Most of Israel’s neighbors, including Egypt, Jordan, Syria and the Palestinian territories, are among the most dangerous places in the world for Christians, a new report by the Christian charity group Open Doors has found.
According to the report, Egyptian Christians suffer in “various ways” such as pressure on Christian converts to return to Islam, severe restrictions on building places of worship and congregating, and violence.
Egypt’s embattled Christian minority, which comprises roughly 10 percent of the country’s population, has been the frequent target of Islamic terrorism in the country in recent years. Coptic churches in Alexandria and Tanta were struck by suicide bombers last April, killing 45 people on Palm Sunday. Last December, at least eight Christians were killed in a terror attack on a Coptic church south south of Cairo.
“Christians in Egypt face a barrage of discrimination and intimidation yet they refuse to give up their faith. It is hard for us … to imagine being defined by our religion every single day in every sphere of life,” Open Doors UK and Ireland CEO Lisa Pearce said in a statement.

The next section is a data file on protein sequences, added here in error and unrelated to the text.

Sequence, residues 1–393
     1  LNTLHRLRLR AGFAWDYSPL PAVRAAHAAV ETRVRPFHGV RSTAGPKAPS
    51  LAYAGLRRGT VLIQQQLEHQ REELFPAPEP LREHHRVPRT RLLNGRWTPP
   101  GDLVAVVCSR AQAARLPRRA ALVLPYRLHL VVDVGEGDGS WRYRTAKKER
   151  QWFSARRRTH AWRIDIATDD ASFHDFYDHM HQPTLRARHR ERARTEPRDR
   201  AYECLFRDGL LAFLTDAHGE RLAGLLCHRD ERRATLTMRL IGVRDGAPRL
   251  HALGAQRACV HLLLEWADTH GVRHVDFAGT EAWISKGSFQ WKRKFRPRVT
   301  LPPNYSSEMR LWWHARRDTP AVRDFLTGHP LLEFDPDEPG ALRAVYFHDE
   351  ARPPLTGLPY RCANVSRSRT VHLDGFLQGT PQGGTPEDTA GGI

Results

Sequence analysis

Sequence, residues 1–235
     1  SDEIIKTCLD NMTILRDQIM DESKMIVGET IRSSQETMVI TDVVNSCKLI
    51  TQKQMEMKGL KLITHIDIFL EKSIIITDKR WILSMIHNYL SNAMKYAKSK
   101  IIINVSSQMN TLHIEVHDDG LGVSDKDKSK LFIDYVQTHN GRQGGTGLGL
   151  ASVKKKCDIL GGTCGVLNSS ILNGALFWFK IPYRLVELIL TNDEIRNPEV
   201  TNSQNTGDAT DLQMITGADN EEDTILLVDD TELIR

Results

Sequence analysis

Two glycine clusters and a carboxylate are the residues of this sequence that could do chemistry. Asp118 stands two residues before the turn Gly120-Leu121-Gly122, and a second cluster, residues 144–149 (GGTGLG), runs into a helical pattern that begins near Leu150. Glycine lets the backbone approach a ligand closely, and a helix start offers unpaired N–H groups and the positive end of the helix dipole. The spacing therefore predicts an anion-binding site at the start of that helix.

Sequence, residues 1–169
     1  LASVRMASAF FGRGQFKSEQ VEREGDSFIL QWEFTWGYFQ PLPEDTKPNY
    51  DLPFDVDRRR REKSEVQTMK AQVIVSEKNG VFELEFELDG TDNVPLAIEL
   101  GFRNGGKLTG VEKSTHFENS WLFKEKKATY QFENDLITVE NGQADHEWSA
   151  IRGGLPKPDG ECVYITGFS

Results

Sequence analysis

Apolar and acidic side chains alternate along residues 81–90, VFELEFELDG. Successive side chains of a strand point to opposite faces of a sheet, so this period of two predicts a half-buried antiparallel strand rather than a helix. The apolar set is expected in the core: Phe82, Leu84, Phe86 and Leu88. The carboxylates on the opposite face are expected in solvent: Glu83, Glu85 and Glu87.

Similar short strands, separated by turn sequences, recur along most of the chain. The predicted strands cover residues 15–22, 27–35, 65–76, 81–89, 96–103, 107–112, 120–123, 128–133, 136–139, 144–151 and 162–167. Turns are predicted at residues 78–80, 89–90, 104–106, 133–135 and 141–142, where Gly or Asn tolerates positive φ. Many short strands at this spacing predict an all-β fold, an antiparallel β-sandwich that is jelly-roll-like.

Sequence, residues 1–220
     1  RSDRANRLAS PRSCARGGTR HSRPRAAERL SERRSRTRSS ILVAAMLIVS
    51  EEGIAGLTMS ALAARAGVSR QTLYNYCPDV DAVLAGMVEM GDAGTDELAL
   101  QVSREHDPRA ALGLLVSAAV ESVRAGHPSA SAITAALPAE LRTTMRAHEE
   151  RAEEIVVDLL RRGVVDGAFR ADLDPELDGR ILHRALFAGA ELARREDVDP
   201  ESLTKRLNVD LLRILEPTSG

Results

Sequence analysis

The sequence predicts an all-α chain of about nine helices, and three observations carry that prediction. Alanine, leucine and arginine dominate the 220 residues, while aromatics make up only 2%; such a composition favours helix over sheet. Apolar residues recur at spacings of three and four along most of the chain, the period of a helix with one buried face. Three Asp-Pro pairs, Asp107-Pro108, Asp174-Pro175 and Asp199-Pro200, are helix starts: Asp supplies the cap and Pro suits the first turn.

“In Egypt, as in many other Middle Eastern countries, your religion is stated on your identity card,” she said. “This makes discrimination and persecution easy — you are overlooked for jobs, planning permits are hard to obtain and you are a target when you go to church.”
Christian converts in Jordan face “a great deal of persecution” and Christians in the Palestinian territories (Gaza Strip and West Bank) are “caught in the middle of the ongoing Israeli-Palestinian conflict,” the report said. For Syrian Christians, “Islamic militant groups are the clear threat,” according to Open Doors.
The report identified North Korea as the country where Christians face the highest level of discrimination, followed by Afghanistan and Somalia. More than 3,000 Christians were killed worldwide due to their faith last year.
Other Middle Eastern and North African countries that were ranked among the top 10 most dangerous places for Christians were Libya, Iraq, Iran and Yemen.
“The Iranian regime defines Iran as an Islamic state based on Shi’a Islam. Christians and other minorities are seen as an unwelcome distraction from this plan,” the report said. JN